Hertfordshire Council commissioned the project to test the latest eco-friendly system with its most intriguing feature being the temperature control
There could not have been a bigger contrast between two buildings. The original Howe Dell school was a wattle and daub building which had stood through the reign of every monarch since Henry VIII. It could barely contain the primary school pupils stuffed into it and the roof of one classroom actually collapsed.
In its place came a state-of-the-art building on the other side of town, bursting with eco-friendly technology. The new Howe Dell school and children’s centre is a demonstration project commissioned by Hertfordshire council to test eco-friendly systems that could be adopted in other schools in future. Most councils aim for a percentage of renewable energy in their new-build schools, but Hertfordshire has gone a step further by trying to create a zero-carbon building. It brings together some familiar technologies like solar panels, photovoltaics, a green roof and worktops made from recycled yoghurt pots, but its main claim to fame is that it’s the first building in the country to make use of a new, green way of heating and cooling called interseasonal heat transfer (IHT).
IHT makes use of an energy capture system which is sitting unused in every school in the land: its playground. As sun beats down on the tarmac, heat is captured by pipes filled with water and anti-freeze buried beneath it, called “the collector”. As the water warms, it is pumped into the thermal bank, another network of pipes below the school. Here, the heat is absorbed into the ground below the building – damp soils, like clay or wet sand, are best – where it stays, thanks to the highly insulated foundations of modern buildings which stop heat escaping upwards, and the tendency for heat to move slowly through soil.
When heat is needed, water is pumped through the pipes in the thermal bank to a heat exchanger feeding the underfloor heating and to an air-handling unit where it can be used to heat the ventilation air. In another twist to the low-energy design, the warm air is ducted through the school using a TermoDeck system. This comprises hollow concrete floor slabs, which have a high thermal mass, through which warm or cool air travels around the building.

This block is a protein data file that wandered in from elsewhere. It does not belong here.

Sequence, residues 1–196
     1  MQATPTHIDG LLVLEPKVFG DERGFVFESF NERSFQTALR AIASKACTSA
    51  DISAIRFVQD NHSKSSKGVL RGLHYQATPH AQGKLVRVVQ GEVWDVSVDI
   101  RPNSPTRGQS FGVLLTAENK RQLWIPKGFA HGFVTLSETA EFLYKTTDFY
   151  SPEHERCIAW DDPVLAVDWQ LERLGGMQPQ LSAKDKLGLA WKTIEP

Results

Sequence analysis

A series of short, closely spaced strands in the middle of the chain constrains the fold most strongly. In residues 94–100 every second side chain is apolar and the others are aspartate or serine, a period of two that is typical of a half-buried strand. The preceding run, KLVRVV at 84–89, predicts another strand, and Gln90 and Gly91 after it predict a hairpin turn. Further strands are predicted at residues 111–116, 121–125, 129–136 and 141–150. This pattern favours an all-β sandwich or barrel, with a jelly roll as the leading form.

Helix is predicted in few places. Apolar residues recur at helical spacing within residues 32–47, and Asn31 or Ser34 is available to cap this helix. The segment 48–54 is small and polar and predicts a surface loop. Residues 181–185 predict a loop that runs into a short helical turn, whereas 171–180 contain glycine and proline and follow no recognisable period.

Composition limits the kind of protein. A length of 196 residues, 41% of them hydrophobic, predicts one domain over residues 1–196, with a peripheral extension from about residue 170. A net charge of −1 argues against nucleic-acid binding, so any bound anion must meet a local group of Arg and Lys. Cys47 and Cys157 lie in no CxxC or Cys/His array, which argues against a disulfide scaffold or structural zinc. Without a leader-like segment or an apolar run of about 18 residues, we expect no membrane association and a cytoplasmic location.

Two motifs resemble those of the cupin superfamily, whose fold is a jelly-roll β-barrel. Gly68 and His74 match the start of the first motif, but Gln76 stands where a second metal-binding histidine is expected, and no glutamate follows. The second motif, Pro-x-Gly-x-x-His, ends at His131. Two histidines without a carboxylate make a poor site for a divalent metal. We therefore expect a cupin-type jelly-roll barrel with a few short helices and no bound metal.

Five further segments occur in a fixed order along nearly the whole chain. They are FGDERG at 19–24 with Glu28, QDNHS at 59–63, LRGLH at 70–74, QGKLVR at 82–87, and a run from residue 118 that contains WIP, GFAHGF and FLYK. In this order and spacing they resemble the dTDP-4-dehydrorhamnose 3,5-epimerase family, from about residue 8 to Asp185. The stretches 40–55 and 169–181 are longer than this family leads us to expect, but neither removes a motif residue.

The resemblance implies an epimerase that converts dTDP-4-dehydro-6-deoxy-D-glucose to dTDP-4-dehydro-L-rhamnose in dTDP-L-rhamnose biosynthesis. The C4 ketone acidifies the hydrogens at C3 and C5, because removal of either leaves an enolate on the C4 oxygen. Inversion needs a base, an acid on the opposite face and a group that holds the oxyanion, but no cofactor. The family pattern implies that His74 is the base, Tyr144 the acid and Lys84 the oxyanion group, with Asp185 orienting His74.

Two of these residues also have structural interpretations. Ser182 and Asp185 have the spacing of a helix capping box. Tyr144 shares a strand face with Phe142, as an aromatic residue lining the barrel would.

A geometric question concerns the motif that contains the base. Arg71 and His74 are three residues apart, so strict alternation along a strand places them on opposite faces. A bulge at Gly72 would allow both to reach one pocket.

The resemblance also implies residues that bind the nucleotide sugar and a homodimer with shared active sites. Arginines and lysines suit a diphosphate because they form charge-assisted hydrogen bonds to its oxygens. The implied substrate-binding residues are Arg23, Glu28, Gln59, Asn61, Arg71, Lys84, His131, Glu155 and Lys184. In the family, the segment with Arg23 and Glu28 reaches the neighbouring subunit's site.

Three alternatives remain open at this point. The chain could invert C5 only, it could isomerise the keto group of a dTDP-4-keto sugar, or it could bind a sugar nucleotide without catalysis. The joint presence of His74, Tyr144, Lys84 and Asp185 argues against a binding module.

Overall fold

In summer, a similar process keeps the school cool. On cold days, the water in the system is cooled by frost on the playground surface and this is stored in a lower temperature separate thermal bank. A control system compares the difference in temperature between the thermal bank and the playground surface to determine if the water in the collector system should be diverted to the heat or cold store.
IHT is well suited to reasonably large buildings like schools or developments of several homes. Single-home developments do not have the necessary economies of scale to make IHT an affordable option.
The system has similarities with ground-source heat pumps but with a few added advantages, according to Edward Thompson, director of Icax, which provided the system to Howe Dell. Ground-source heat pumps extract heat from the earth rather than from the sun-warmed tarmac, so they are working with lower temperatures and the ground can get colder as heat is extracted. “You can have problems with ground-source heat pumps freezing the ground, which you would not want to do under foundations because of landslip,” says Thompson.